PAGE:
Re tremendous ignorance, 'casual' readers, those who have sufficient philosophical background knowledge to understand the arguments put forward in Aquinas, Scholastic Metaphysics or Five Proofs, have an alarming tendency to neglect substantial atheist philosophers commentary. This is a shame because it means most of the time they are shooting against the weakest target. Although these people are obviously interested in Natural Theology they don't seem very interested in Philosophy of Religion.

      As for atheists, well even the polite ones who challenged Ed tend to go in for the 'Teh Sciencez Teh Quantum' Stardusty Psyche type stuff.

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    4. Also: for all its considerable merit it would be hyperbolic to compare Five Proofs to works like The Nature of Necessity, Craig's Kalam Cosmological Argument book, Pruss' PSR book, Mackie's Miracle of Theism or Swinburne's corpus.

      *Don't get me wrong Ed's work is far more philosophically cogent than Swinburne or Mackie.

      Part of this is to do with the format: Ed sets out to present historical arguments in a way that contemporary thinkers, both lay and philosophical, cannot simply dismiss. This he does crisply and clearly (very pleased he is actually using point by point outlines). I think Ed's most original and interesting work is actually in philosophy of mind (so I naturally look forward to his work on the soul).

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    5. I was perusing your posts here: http://classicaltheism.boardhost.com/search.php?search_id=1174728000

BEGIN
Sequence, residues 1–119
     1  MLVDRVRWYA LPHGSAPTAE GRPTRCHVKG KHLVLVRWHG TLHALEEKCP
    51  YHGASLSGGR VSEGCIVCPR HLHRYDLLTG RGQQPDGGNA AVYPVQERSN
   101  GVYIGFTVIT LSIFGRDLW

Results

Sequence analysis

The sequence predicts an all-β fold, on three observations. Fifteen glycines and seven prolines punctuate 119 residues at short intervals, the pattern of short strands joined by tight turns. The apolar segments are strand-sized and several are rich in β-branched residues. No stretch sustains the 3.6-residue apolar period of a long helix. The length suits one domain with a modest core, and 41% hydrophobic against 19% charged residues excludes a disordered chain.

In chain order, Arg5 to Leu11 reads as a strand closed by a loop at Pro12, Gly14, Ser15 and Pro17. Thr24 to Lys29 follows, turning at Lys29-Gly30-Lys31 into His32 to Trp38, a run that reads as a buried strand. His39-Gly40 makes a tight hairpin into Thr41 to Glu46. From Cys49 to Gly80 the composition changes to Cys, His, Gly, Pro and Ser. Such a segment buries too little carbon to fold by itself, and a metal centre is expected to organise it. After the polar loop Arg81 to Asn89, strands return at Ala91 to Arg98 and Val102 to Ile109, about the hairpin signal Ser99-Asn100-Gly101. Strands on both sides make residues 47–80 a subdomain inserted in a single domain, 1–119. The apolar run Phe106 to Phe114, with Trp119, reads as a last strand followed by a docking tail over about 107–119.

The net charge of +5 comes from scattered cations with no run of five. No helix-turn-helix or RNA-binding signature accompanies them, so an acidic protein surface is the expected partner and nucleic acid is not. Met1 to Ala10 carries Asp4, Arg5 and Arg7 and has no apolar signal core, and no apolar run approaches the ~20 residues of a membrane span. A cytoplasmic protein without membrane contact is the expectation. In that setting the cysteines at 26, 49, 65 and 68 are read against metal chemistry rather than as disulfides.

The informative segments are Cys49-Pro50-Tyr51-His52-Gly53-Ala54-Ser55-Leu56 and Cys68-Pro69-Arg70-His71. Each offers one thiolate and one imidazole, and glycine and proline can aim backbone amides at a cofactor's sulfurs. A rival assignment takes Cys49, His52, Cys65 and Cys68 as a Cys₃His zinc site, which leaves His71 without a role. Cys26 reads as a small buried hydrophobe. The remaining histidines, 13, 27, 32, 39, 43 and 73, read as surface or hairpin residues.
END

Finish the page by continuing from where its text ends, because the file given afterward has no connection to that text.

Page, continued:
Why the heck aren't you blogging?

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  5. Interesting. Do you plan on responding to Bowen's reviews if you find them interesting, kind of like you did with Robert Oerter and others?

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  6. Based on my reading from Bowen he completely misinterpreted the case the intent of Kreeft and Geisler. He seems not to have realised that the works he cited were intended as a summery, not an exhaustive case.

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  7. Sometime in the future I will be undertaking a detailed critical review of Five Proofs, though what format this shall be in has yet to be decided. Although I certainly wouldn't claim all the proofs fail the tone will be primarily critical, as I think it's important that Thomists pay more attention to the criticisms other theists and naturalists of the non-flat-footed variety* might raise.

    *Let's face it kicking the Dennett types is an important task but it's hardly an intellectualy rewarding one. I'd far rather see Ed debate an atheist Aristotelian like Mumford or Fales.

    (The most valuable part of the book is probably the section on the PSR Cosmological Argument and the Proof from Eternal Truths. The criticisms of Natural Theology section is oddly lacking - Ed actually deals with far more important problems e.g. Grimm's animadversion against Omniscience, in discussion of the proofs themselves, thus leaving that section to deal with New Atheist rubbish)

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    1. Where will you be posting such review?

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    2. With regards to the PSR section, were Feser's points original to him? Because, for whatever reason, I don't think I've ever come across an indirect argument for the PSR before reading that section.